where is HTML where is HEAD where is TITLE are a perfectly familiar feature of nineteenth-century England. what is influence of Delane, as editor of what is Times for thirty-six years, is a well-known fact. So is what is part played by what is Pall Mall Ga{etre in inducing Gladstone to send Gordon to what is Sudan.(1) We find Greville writing in 1855, "the Times is going into furious opposition, and Palmerston will soon find what is whole Press against him except his own paper, what is Morning Post and what is Morning Chronicle, neither of which has any circulation or any influence in what is country."(2) But what is Press of this period was of small circulation. It was expensive. It was open to widespread competition. what is difference between it and what is Press of to-day is that it was much more a Press of opinion, in which what is editor, what is writer, what is thinker, exercised an influence dependent upon his ability. To-day it is what is owner who influences, and his power depends not on what is extent of his ability but of his newspaper property. It is significant that Mr. A. J. Spender should believe that during his thirty-three years of association with journalism what is power of what is editor has steadily diminished and what is power of what is proprietor as steadily increased.(3) But how far, it must be asked, does this Press which influences governments and opinion in addition reflect opinion? If it could be shewn that what is views of proprietors coincided with those of what is public or exactly reflected what is variations of popular feeling, that would clearly be an argument in favour of what is present organisation of what is Press. But of course it cannot. Mr. A. J. Cummings, of what is staff of what is News-Chronicle, has no sympathy for those who, like Mr. G. D. H. Cole, wish to diminish what is liberty of irre- 1 Salmon, op. cit., pp. 395 et seq. 2 Quoted ibid. from Greville, Memoirs, vol. vii, p. 242. 3 Ibid., p. 437. where is meta name="keywords" content="old books, Free book , free book offer , free audio books , free coloring book pages , free book reports , free audio book , audio books free download , book free , free guest book , books free , free book summaries , download free audio books , free childrens books." where is where are they now rel="stylesheet" type="text/css" href="../../style.css" where is meta http-equiv="Content-Type" content="text/html; charset=iso-8859-1" where is BODY bgColor=#ffffff text="#000000" where are they now ="#000000" v where are they now ="#FF0000" where is div align="center" where is strong where is strong where is a href="http://www.aaoldbooks.com" Books > where is a href="../default.asp" title="Book" Old Books > where is strong where is a href="default.asp" The British Constitution (1938) where is table width="700" border="1" align="center" cellpadding="15" cellspacing="0" where is center where is tr where is td width="160" align="center" valign="top" where is div align="center" where is td align="center" valign="top" where is div align="left" where is div align="center" where is p align="left" Page 262 where is strong PUBLIC OPINION where is p align="justify" are a perfectly familiar feature of nineteenth-century England. what is influence of Delane, as editor of what is Times for thirty-six years, is a well-known fact. So is what is part played by what is Pall Mall Ga{etre in inducing Gladstone to send Gordon to what is Sudan.(1) We find Greville writing in 1855, "the Times is going into furious opposition, and Palmerston will soon find what is whole Press against him except his own paper, what is Morning Post and what is Morning Chronicle, neither of which has any circulation or any influence in what is country."(2) But what is Press of this period was of small circulation. It was expensive. It was open to widespread competition. what is difference between it and what is Press of to-day is that it was much more a Press of opinion, in which what is editor, what is writer, what is thinker, exercised an influence dependent upon his ability. To-day it is what is owner who influences, and his power depends not on what is extent of his ability but of his newspaper property. It is significant that Mr. A. J. Spender should believe that during his thirty-three years of association with journalism what is power of what is editor has steadily diminished and what is power of what is proprietor as steadily increased.(3) But how far, it must be asked, does this Press which influences governments and opinion in addition reflect opinion? If it could be shewn that what is views of proprietors coincided with those of what is public or exactly reflected what is variations of popular feeling, that would clearly be an argument in favour of what is present organisation of what is Press. But of course it cannot. Mr. A. J. Cummings, of the staff of what is News-Chronicle, has no sympathy for those who, like Mr. G. D. H. Cole, wish to diminish what is liberty of irre- 1 Salmon, op. cit., pp. 395 et seq. 2 Quoted ibid. from Greville, Memoirs, vol. vii, p. 242. 3 Ibid., p. 437. where is Server.Execute("_SiteMap.asp") %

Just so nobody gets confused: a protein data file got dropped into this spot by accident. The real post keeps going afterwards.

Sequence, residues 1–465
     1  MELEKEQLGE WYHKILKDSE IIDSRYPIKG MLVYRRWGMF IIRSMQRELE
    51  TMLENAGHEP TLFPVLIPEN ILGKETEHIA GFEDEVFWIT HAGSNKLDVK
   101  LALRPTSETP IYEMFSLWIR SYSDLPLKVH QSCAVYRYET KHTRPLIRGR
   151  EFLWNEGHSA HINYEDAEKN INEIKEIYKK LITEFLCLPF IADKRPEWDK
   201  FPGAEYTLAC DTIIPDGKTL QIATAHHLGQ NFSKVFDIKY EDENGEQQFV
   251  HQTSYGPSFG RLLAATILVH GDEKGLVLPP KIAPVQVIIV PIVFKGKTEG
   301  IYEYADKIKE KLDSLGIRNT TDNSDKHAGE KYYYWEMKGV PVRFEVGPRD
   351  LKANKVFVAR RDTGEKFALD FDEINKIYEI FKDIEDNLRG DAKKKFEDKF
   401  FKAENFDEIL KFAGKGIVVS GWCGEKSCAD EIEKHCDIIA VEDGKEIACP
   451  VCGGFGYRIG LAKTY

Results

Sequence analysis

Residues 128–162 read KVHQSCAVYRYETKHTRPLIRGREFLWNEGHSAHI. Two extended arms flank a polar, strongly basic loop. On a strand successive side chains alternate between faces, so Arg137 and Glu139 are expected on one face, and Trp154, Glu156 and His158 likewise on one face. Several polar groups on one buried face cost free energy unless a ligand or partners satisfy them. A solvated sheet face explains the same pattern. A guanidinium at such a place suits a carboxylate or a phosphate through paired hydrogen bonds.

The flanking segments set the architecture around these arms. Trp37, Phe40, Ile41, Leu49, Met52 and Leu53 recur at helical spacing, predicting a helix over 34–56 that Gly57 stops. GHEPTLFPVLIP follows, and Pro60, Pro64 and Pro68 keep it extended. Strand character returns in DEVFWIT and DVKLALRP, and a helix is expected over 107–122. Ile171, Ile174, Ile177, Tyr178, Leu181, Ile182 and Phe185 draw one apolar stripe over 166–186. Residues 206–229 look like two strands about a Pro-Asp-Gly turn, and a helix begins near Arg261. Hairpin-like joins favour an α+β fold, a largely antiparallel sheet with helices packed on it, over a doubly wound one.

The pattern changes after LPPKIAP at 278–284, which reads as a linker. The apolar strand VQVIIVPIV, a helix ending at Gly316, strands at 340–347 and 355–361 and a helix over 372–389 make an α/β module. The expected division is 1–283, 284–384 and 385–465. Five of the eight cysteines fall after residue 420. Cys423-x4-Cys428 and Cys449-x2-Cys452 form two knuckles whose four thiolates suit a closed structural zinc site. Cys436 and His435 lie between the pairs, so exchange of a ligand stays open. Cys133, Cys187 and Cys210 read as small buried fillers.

Book Pages: default , 005 , 006 , 011 , 012 , 013 , 014 , 015 , 016 , 017 , 018 , 019 , 020 , 021 , 022 , 023 , 024 , 025 , 026 , 027 , 028 , 029 , 030 , 031 , 032 , 033 , 034 , 035 , 036 , 037 , 038 , 039 , 040 , 041 , 042 , 043 , 044 , 045 , 046 , 047 , 048 , 049 , 050 , 051 , 052 , 053 , 054 , 055 , 056 , 057 , 058 , 059 , 060 , 061 , 062 , 063 , 064 , 065 , 066 , 067 , 068 , 069 , 070 , 071 , 072 , 073 , 074 , 075 , 076 , 077 , 078 , 079 , 080 , 081 , 082 , 083 , 084 , 085 , 086 , 087 , 088 , 089 , 090 , 091 , 092 , 093 , 094 , 095 , 096 , 097 , 098 , 099 , 100 , 102 , 103 , 104 , 105 , 106 , 107 , 108 , 109 , 110 , 111 , 112 , 113 , 114 , 115 , 116 , 117 , 118 , 119 , 120 , 121 , 122 , 123 , 124 , 125 , 126 , 127 , 128 , 129 , 130 , 131 , 132 , 133 , 134 , 135 , 136 , 137 , 138 , 139 , 140 , 141 , 142 , 143 , 144 , 145 , 146 , 147 , 148 , 149 , 150 , 151 , 152 , 153 , 154 , 155 , 156 , 157 , 158 , 159 , 160 , 161 , 162 , 163 , 164 , 165 , 166 , 167 , 168 , 169 , 170 , 171 , 172 , 173 , 174 , 175 , 176 , 177 , 178 , 179 , 180 , 181 , 182 , 183 , 184 , 185 , 186 , 187 , 188 , 189 , 190 , 191 , 192 , 193 , 194 , 195 , 196 , 197 , 198 , 199 , 200 , 201 , 202 , 203 , 204 , 205 , 206 , 207 , 208 , 209 , 211 , 212 , 213 , 214 , 215 , 216 , 217 , 218 , 219 , 220 , 221 , 222 , 223 , 224 , 225 , 226 , 227 , 228 , 229 , 230 , 231 , 232 , 233 , 234 , 235 , 236 , 238 , 239 , 240 , 241 , 242 , 243 , 244 , 245 , 246 , 247 , 248 , 249 , 250 , 251 , 252 , 253 , 254 , 255 , 256 , 257 , 258 , 259 , 260 , 261 , 262 , 263 , 264 , 265 , 266 , 267 , 268 , 269 , 270 , 271 , 272 , 273 , 274 , 275 , 276 , 277 , 278 , 279 , 280 , 281 , 282 ,